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Testimony Submitted to House Ways and Means Subcommittee on Social Security for the Feb 2, 2012, Hearing on the Death Master File
- As a result of a congressional mandate, the US military hires genealogists to help locate next of kin of servicemen lost in previous wars. In addition, genealogists find DNA donors in each serviceman’s family to aid in identification of repatriated remains. The Death Master File is absolutely critical to this research.
- Attorneys and financial institutions employ the services of genealogists in probate, tax and heir-search cases. Again, the DMF is critical to this research.
- Physicians and families use the DMF to locate family members who can supply necessary information to help with diagnoses. Many lives have been saved through donations of blood and bone marrow possible only from family members.
Any bill that attempts to curb identify theft and correct errors within the SSA must not contravene the original reason for the creation of the DMF: to provide a check on identities and assure that the numbers of deceased individuals are not being used fraudulently. The fact that the SSA incorrectly reports deaths of living individuals shows a need to correct practices within the SSA, not completely remove of the DMF.
We must do everything we can to stop criminals from profiting from the DMF, but we should not prohibit public access to it. If we are to solve this problem it is essential to first critically examine several points.
- Countless professions and industries across the nation are heavily reliant on the DMF: health care providers, the military, financial institutions, attorneys, insurance agencies, universities, funeral directors, credit agencies, and especially governmental agencies. While exemptions would probably be made for governmental entities, the use of the DMF is now inextricably linked to business practices across the country. Closure of these public records could have severe consequences on the economy as businesses scramble to gather information in other, much less efficient, ways.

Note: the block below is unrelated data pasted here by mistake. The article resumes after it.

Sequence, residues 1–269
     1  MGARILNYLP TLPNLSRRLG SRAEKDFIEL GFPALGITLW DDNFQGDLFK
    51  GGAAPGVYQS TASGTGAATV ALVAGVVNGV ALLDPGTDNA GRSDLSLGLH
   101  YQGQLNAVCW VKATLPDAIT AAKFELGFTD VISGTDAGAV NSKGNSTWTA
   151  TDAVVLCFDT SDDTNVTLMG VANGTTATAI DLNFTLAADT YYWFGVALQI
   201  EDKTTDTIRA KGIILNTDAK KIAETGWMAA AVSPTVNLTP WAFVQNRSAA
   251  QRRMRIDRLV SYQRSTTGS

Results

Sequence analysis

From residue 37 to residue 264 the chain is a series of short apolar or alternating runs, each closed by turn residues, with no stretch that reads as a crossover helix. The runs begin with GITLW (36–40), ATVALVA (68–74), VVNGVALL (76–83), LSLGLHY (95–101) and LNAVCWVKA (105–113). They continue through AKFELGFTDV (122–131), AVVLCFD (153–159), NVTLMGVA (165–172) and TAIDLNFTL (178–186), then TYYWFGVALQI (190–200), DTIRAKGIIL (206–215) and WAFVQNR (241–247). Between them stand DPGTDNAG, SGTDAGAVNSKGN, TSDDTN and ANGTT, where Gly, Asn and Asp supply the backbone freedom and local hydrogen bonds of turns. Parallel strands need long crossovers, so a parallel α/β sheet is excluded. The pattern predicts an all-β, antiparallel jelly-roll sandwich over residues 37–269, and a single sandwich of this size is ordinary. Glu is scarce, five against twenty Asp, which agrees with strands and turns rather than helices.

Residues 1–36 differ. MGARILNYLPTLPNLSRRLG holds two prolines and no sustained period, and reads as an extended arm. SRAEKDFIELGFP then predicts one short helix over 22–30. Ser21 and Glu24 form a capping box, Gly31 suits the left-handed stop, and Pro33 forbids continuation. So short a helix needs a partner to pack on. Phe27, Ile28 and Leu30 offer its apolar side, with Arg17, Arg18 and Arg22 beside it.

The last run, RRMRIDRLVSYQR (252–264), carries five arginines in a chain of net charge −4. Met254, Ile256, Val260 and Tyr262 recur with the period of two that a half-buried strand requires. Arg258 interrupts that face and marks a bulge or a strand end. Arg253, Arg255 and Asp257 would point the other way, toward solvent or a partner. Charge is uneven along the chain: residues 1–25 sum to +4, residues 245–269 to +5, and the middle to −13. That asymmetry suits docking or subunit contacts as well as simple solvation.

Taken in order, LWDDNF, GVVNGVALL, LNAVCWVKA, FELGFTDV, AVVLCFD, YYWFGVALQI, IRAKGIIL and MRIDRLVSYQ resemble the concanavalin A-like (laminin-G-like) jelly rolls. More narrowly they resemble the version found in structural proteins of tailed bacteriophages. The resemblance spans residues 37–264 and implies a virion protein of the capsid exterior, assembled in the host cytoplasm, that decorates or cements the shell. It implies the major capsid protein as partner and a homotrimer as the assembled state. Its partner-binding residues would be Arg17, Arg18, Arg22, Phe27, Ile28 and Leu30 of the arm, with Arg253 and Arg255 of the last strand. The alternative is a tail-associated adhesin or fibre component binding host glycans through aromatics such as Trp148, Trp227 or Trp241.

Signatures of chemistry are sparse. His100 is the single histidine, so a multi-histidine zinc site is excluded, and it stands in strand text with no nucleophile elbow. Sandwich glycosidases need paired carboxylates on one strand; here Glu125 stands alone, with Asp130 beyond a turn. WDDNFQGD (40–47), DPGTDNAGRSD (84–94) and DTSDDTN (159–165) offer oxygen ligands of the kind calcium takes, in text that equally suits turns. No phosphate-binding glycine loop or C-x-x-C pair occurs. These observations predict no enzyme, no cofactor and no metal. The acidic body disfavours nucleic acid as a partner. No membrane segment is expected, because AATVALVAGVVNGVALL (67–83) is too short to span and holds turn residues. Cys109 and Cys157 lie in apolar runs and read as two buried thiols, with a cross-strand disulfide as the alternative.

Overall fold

- Tax fraud involving the use of the social security numbers of deceased children results from a lack of communication between governmental agencies. The number of such cases is extremely small, but even those could be eliminated if the IRS were to incorporate use of the DMF themselves. The DMF was created, after all, for the purpose of preventing fraud, waste, abuse and identity theft. There is no excuse for the IRS failing to do the same simple fraud checks the rest of us do. It is extraordinary that victims of this kind of identity theft should be treated as criminals and forced to prove their identities when it is easily within the ability of the IRS to check back a year or two to confirm the correct filings.
- Rather than enact legislation that is guaranteed to hamper commercial practices across the country, it is preferable to look to within the Social Security Administration itself to correct sloppy procedures that have led to improperly reporting the deaths of living individuals. Improper functioning within the SSA is not a reason to close off access to this tool. First let us correct the mistakes.
- The Death Master File is overwhelmingly used as a means to verify identity, not steal it. It is an essential tool for maintaining an open society. In a democratic nation it is our duty to safeguard the right of all individuals to have access to public records, even when there is the chance that those records could be abused. When the records remain open, the fraud is easier to expose.
Millions of genealogists would be greatly impacted if legislation restricting access to the DMF were to be enacted. While the Massachusetts Genealogical Council would have preferred to give live testimony at the invitation-only panel at the February 2nd hearing, we submit this written testimony in the hope that our members’ voices will be heard. We offer the assistance of our organization to the House Ways and Means Subcommittee on Social Security in safeguarding the security of all Americans with Social Security numbers while promoting open access to public records.
Polly FitzGerald Kimmitt, CG℠
President, Massachusetts Genealogical Council
P.O. Box 5393
Cochituate, MA 01778
Certified Genealogist and CG are service marks of the Board for Certification of Genealogists®, used under license by the Board's associates after periodic evaluation.